In the blink of an eye, Zach Stewart, Jason Frasor, Marc Rzepczynski, Octavio Dotel, and Corey Patterson were gone.  Brian Tallet and Trever Miller were back.  Quasi-Canadian Mark Teahan and his overpriced contract had arrived to strengthen the bench.  And big, bad, Colby Rasmus was our new CF. 

Fans are understandably excited about Rasmus.  He is young (turns 25 next week).  He plays great defense.  He can hit.  He can run.  And he is only getting better.  Though he didn’t get off the quickest start with the team, his 2 for 4, 2 RBI game on Sunday gave us a glimpse of what he can do.  Combined with Jose Bautista, Adam Lind, Yunel Escobar, and Brett Lawrie, the Jays have a poweful offensive core to move forward with.

But that wasn’t it for changes last week.  P.J. Walters, a pitcher acquired with Rasmus, arrived, pitched a scoreless inning, then was sent down to Vegas for Jessie Litsch.  Brad Mills came up for a start on Saturday and pitched very well (7 IP, 2 ER, 6 H, 2 BB, 5 K).  And Toronto was seemingly mentioned in trade talks with several big name players, including Ubaldo Jimenez and Wandy Rodriguez.

Though there is still an opportunity for the Jays to add a player or two before the August waiver deadline, the biggest change is still to come.  Brett Lawrie is waiting patiently, and hopefully it won’t be long now…

2. Middle of the Order Blues

It’s not often when you can say that Jose Bautista is slumping.  But last week was a tough one for J-Bau.  He went hitless in three of the six games, and was held off base completely twice (though to be fair, getting hit in the head by a fastball had something to do with one of those).  For the week he went just 4 for 19 with 2 R and 1 RBI.  He also hasn’t hit a home run since July 9th in Cleveland, a span of 14 consecutive games without one.

Adam Lind finds himself in a funk as well, after a 2 for 20 week.  While he did slug a HR on Tuesday, Lind also struck out five times, and managed only one single the rest of the week.  His average has slipped to .279 and his OPS to .817 – the lowest it’s been since May 3rd.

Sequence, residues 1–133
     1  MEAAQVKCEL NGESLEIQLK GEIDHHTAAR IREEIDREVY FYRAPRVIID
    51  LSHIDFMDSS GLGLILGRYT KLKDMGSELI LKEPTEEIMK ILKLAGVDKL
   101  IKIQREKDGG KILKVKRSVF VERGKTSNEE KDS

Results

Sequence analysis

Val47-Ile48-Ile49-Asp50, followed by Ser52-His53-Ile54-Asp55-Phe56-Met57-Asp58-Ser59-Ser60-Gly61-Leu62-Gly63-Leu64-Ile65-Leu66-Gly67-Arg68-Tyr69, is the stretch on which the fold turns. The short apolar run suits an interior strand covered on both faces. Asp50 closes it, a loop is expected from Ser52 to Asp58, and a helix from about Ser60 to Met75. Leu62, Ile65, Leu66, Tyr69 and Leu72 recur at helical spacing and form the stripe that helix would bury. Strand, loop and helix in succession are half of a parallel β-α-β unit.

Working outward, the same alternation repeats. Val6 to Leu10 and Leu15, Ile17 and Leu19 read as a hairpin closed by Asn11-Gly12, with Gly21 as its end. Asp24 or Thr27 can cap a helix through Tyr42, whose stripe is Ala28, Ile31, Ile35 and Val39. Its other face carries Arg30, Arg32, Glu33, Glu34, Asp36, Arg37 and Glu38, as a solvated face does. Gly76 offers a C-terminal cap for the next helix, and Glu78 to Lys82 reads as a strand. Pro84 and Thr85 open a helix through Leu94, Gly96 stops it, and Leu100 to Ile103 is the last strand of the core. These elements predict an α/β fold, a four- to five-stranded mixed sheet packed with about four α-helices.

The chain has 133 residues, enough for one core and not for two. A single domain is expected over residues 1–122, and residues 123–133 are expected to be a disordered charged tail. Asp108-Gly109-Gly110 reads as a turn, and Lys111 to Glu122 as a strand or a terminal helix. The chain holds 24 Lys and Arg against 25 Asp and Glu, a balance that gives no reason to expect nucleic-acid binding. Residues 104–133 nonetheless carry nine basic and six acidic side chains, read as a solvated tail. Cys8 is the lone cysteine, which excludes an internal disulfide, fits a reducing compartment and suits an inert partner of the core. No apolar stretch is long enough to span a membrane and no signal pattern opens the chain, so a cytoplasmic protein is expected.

Luckily for Toronto, two players have stepped up.  Edwin Encarnacion, thought to be a potential trade target, destroyed Baltimore and Texas: 8 for 20, .400 AVG, 1.328 OPS, 2 HR and 4 RBI.  His season OPS now sits at .758 – the highest it has been all season.  Likewise, J.P. Arencibia has snapped back to life.  With his back to the Mendoza line, the catcher has caught fire, hitting safely in all five games he played in last week, with 2 HR and 7 RBI.  He now has slugged five home runs in his past eight games, looking much more like the Rookie of the Year candidate that 500 Level Fan made him out to be this season.

Now we just need all four of those guys clicking at the same time.

3. Toronto Immortality

Quite a pair of Sunday’s for Roberto Alomar.  First he earned the biggest prize in baseball – induction into the Baseball Hall of Fame in Cooperstown.  One week later he was honoured with the highest award in Toronto Blue Jays history.  Number 12 will never be worn again.

On Sunday Alomar saw his jersey number rise to the rafters at Rogers Centre, becoming the first player in Blue Jays history to have his number retired.  In front of a sellout crowd, his parents, and many of his former teammates, Robbie basked in a perfect day and reminded fans of the glory days of this franchise.

Now with #12 hanging in centre field, the glory days will never be far away.